ENGINEERS have finished installing the world’s first T-pylon route, which will take electricity from Hinkley Point C nuclear power station to six million Westcountry homes and businesses.

The 35-mile power line running from the West Somerset coast to Bristol features 116 of the brand new design T-structures in what is known as the Hinkley Connection Project.

Now, National Grid and principal contractor Balfour Beatty have lifted the last of 232 diamond ‘earrings’ onto a T-pylon between Yatton and Kenn, in North Somerset, to complete the line.

The ‘earrings’ hold high voltage conductors in a diamond shape.

Representing a world first for pylon design, the first T-pylon to be built was constructed in September, 2021, near East Huntspill, just outside Bridgwater.

All the T-pylons will be energised by the end of next year, after conductors have been hung and the last of 249 traditional lattice pylons and 42 miles of overhead wires have been removed from the landscape to make way for the new electricity connection.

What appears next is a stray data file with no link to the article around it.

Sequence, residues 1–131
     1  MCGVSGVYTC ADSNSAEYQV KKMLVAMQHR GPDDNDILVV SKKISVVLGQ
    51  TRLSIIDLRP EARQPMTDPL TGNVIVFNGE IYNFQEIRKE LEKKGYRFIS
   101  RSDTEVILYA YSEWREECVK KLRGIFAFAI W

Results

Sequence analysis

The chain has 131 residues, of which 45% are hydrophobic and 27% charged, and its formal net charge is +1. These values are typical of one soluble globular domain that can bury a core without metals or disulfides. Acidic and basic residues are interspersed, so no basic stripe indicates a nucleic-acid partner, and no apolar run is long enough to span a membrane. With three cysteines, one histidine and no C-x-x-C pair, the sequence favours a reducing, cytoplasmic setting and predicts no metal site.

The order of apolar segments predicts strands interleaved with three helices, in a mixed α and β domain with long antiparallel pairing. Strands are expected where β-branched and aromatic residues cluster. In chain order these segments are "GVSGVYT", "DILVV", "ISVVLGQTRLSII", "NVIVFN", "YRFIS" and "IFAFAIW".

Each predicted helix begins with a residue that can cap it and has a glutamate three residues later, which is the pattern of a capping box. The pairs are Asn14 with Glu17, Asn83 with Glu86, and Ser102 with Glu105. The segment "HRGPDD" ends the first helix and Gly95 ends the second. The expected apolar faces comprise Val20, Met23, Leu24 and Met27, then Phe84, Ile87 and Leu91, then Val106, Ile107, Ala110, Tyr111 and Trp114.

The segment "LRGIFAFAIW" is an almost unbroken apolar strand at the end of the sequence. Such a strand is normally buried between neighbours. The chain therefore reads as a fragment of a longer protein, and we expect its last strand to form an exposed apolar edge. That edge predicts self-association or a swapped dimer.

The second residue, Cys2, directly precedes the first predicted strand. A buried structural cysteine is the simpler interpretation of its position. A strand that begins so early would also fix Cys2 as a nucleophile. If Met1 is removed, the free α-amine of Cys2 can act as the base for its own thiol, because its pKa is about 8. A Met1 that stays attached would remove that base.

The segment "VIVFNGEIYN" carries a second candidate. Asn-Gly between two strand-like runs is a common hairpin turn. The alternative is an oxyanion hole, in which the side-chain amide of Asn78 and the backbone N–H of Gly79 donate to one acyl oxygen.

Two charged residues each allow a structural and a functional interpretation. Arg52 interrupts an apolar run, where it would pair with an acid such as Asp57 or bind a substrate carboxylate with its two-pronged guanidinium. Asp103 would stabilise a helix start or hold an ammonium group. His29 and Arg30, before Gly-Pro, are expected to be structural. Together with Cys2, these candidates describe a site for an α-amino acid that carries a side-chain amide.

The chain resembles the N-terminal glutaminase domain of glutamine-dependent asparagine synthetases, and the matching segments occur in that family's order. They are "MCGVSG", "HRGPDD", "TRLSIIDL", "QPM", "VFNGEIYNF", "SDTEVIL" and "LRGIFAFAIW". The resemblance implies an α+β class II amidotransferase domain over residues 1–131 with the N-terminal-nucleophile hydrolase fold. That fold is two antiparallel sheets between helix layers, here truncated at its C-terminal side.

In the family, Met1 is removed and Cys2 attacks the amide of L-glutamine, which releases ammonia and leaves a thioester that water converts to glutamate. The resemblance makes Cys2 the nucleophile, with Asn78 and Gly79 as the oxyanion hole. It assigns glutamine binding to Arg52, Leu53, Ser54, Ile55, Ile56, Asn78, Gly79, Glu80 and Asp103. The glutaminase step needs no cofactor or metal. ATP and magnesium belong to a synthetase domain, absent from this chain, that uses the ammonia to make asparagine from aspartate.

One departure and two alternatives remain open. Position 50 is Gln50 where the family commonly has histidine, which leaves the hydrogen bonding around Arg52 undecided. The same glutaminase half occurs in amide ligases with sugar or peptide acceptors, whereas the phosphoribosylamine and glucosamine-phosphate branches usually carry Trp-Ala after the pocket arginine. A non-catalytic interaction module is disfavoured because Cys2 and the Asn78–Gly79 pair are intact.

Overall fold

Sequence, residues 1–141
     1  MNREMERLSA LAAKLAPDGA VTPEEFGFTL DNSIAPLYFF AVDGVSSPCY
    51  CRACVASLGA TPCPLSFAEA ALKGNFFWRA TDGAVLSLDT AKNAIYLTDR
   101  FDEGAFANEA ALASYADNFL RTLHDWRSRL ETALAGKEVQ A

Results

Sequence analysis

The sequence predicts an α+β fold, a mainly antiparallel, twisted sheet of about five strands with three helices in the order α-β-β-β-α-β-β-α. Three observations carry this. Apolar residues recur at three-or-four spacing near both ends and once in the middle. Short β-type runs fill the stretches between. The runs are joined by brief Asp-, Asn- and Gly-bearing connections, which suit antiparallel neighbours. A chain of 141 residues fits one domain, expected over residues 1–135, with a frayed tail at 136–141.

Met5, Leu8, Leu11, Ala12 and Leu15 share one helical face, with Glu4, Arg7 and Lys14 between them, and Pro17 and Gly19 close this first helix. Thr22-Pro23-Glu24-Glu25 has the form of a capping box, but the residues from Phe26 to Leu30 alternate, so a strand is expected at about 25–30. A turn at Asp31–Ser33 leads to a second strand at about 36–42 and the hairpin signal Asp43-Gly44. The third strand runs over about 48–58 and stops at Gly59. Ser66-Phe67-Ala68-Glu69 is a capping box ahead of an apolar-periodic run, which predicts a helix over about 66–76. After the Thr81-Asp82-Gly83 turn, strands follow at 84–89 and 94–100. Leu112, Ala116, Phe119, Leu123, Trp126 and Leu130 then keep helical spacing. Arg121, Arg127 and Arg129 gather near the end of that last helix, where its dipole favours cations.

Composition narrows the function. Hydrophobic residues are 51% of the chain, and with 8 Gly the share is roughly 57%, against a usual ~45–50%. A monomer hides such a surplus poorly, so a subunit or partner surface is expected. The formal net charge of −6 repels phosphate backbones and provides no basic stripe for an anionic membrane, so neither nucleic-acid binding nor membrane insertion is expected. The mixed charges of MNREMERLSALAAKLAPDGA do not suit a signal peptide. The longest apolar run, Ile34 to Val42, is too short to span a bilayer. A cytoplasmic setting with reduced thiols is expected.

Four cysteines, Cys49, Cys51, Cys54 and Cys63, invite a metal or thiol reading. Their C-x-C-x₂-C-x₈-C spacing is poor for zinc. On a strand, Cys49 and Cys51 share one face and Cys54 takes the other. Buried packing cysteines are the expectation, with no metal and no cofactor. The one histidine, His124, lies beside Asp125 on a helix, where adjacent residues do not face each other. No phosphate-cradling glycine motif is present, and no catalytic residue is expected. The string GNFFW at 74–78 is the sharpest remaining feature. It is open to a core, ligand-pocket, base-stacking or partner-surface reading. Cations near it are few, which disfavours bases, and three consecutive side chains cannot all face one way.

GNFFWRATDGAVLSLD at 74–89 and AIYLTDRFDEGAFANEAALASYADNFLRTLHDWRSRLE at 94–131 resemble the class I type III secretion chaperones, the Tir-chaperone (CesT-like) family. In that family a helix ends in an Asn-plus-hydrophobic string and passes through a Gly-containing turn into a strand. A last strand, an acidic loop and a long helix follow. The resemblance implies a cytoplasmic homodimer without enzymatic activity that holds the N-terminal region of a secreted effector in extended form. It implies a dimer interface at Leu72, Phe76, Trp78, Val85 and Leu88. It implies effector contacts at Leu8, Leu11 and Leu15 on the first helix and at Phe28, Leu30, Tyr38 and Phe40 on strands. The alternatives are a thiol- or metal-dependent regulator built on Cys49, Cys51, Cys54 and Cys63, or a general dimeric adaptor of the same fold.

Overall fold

T-pylons are quicker to erect than traditional lattice pylons, and the first 36 between Woolavington and Loxton were energised earlier this year, meaning high voltage electricity is now running along them and through cables under the Mendip Hills Area of Outstanding Natural Beauty and via a newly-built sub-station in Sandford.

Hinkley Connection Project senior manager Roxane Fisher-Redel said: “National Grid’s T-pylons are the first new design for overhead electricity lines in over a century and will play a central role in connecting low carbon energy to millions of people when Hinkley Point C begins generation.

“Erecting all the 116 T-pylon structures is a huge milestone and now we look ahead to 2025 and full completion of this project, which will play such a key role in transmitting cleaner, homegrown energy around the UK – enough to power six million homes and businesses.”

At 115 feet high, T-pylons are a third shorter than National Grid’s traditional lattice transmission pylons and take up less room on the land.